R. A. Allen : Poetry: Nov 2021

Southern Legitimacy Statement: With the exception of four years in Starkville, Mississippi and short stretch in Lexington, Kentucky, I have lived my life in Memphis, Tennessee, which is actually more Arkansan and Mississippian than Tennesseean. It’s a city of light, sound, oak trees, and give and take.

We’ve Been Places

Don’t think a battered canoe full of rainwater can’t feel
its owner’s wistfulness every time he comes out to feed
the dogs, picking his way between engine blocks
and plumbing parts. Not that such a man would ever wear
a word like “wistful,” this outdoorsman’s man, stoic veteran 
of America right or wrong, Bourbon-tipping packrat of items
still useful, neighborhood fixer of bikes and lawnmowers,  

Mirrored in the surface of the catch basin I’ve lately become,
he sees not our backyard’s treetops but the heraldic archways
that graced our journeys on the Big Piney and the Upper Wolf
and down all three forks of the Forkéd Deer. We’ve been places.

These excursions were no hobby. He thought hobbies were a type of 
fidgeting for people of limited imagination. They weren’t recreation,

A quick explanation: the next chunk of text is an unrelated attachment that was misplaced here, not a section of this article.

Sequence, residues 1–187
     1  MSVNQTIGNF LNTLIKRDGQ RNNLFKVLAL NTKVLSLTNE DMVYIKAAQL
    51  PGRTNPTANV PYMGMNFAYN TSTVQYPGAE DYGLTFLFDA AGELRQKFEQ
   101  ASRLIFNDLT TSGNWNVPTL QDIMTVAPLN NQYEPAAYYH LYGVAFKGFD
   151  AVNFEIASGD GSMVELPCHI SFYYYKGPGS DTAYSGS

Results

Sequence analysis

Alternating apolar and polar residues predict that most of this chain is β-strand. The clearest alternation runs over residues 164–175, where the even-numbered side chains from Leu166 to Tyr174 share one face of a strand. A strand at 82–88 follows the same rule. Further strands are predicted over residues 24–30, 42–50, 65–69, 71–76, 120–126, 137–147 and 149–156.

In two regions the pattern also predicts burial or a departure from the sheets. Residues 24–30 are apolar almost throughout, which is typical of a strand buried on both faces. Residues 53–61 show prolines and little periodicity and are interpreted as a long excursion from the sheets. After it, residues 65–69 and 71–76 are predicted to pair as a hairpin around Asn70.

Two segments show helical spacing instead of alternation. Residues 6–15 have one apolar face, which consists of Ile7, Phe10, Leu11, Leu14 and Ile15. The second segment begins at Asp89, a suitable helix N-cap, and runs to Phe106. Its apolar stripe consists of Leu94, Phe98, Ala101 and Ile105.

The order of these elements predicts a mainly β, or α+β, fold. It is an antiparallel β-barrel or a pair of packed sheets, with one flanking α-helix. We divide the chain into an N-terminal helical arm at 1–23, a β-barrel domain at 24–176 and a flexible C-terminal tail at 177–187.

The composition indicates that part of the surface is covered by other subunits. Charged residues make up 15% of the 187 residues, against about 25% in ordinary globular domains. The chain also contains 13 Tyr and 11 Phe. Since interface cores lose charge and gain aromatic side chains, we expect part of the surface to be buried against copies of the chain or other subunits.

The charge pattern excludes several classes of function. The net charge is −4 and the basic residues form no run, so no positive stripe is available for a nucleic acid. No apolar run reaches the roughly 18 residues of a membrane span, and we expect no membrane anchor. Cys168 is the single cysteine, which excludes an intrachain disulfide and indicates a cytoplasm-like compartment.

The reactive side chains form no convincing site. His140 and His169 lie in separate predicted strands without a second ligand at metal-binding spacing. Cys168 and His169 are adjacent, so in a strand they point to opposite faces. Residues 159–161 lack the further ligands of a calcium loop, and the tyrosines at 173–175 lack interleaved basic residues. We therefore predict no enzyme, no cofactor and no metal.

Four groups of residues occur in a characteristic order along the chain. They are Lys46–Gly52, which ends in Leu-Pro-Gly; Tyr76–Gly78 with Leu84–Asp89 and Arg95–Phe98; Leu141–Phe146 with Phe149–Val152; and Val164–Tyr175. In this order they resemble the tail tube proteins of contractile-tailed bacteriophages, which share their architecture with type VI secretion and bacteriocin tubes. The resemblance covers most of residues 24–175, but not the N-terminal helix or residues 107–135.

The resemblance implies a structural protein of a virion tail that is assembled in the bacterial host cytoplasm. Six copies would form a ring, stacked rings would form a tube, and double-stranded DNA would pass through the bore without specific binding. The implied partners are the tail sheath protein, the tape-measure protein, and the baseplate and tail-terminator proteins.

which was toys marketed by corporations; they weren’t relaxation,
which was an antidepressant for the upper-middle class. And not mere
fun, either. Fun was for little children. He’d never been a child.

Everything was a goal, a pursuit, a trophy to be mounted in a den
that he’d paneled himself. What counted was the doing, He couldn’t stop
moving. He was Daniel Boone, Lewis and Clark, the first man on Mars.

After his rads, he could no longer wrestle me atop the station wagon. 
Buying a trailer would have been defeatism. So this cluttered backyard
will be my last mooring, where, before that trip to the dump, 
I’ll serve as a water bowl for the dogs, a bath for the birds,
and, for him, a symbol of himself. We still have places to go—
just not together